Cyrus Reed Teed was not — to borrow a phrase from his favorite book — one to hide his light under a bushel. Especially not when his “light’’ was that an emissary from God had told Teed he was the seventh Messiah … right after Jesus.
Just 30 when he originally proclaimed his status in 1869, this medical doctor from upstate New York recruited believers to build and populate a “New Jerusalem.’’ He named this society the Koreshan Unity — “Koresh” being Hebrew for “Cyrus’’ and meaning a shepherd.
This shepherd built his New Jerusalem on the Estero River, five miles in from the Gulf of Mexico. In 1894 he moved his flock of 75 followers from Chicago to 300 acres near Fort Myers.
By 1908, they would number about 250 members, living and working in about 50 buildings including a bakery, sawmill, publishing house, three-story dining hall, school, electrical-generating plant and a performance venue named the Art Hall.
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Eleven of these structures, plus charming gardens, still exist in Koreshan State Historic Site.
Beyond Teed’s insistence on being recognized as a Messiah, he also announced that the sun, moon, planets and stars were actually contained in a hollow sphere, with the Earth as the inside surface of that sphere.
A large model of this sphere is displayed inside the Art Hall, where rangers explain Teed’s theory. You’ll be sitting where such Fort Myers snowbirds as Henry Ford and Thomas Edison attended public concerts.
After the ranger’s presentation, stroll the crushed-shell paths winding amid palms, oaks, mahogany, magnolias, azaleas and sea grape. Follow the self-guided tour pamphlet into buildings lovingly restored with original and period pieces by the state — the final four residents donated the land to Florida in 1961, 53 years after Teed died.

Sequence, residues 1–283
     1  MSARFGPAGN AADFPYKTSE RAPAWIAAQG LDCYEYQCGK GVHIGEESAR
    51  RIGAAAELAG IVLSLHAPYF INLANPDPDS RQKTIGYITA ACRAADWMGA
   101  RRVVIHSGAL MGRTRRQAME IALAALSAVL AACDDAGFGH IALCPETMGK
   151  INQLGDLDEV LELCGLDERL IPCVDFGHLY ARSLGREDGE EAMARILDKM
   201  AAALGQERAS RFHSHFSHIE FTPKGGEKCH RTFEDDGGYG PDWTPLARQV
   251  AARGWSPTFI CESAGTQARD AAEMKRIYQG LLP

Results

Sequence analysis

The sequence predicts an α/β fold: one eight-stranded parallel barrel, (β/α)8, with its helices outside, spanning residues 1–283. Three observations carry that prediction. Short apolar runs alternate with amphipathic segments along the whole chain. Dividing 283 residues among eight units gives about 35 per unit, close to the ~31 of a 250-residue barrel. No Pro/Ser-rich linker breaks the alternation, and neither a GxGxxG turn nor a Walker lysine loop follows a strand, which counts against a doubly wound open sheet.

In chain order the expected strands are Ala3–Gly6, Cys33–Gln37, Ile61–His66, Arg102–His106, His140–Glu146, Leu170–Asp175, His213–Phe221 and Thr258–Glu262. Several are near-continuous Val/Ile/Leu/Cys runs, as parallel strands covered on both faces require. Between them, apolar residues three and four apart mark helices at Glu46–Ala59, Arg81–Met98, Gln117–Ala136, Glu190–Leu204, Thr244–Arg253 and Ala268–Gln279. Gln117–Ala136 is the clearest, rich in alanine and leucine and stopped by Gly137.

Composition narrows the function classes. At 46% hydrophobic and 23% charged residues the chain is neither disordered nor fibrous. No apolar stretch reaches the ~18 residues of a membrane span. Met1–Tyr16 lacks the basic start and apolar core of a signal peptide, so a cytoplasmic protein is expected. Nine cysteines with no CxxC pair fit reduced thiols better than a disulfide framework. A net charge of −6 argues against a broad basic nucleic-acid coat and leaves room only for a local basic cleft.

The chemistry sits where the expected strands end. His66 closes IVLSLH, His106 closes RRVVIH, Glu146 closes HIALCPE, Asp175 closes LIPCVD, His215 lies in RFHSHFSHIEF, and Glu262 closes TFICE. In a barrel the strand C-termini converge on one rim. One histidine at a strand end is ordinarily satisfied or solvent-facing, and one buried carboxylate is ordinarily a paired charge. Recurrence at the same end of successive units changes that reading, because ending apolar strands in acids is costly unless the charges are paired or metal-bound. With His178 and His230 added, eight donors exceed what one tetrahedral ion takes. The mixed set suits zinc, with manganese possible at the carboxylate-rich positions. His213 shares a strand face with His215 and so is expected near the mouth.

Among 10 structures visitors can enter:
▪ The Founder’s Home, built in 1896 and occupied, in separate apartments, by Teed and the woman whom he selected to be the moon to his sun.
▪ The lovely two-story residence known as the Planetary Court, home to the seven women Teed selected to administer day-to-day matters. Of note, the use of heart pine throughout and a staircase constructed by a traveling shipbuilder.
▪ Koreshan State Historic Site, 3800 Corkscrew Road, Estero, is open year-round and offers overnight camping at 60 sites, RVs and tents. Reserve at 239. 992-0311. Ranger-led tours are available on weekend mornings at 10 a.m. Visitors can fish, picnic and walk nature trails. A boat ramp and canoe rentals are available. Information: www.floridastateparks.org/park/Koreshan.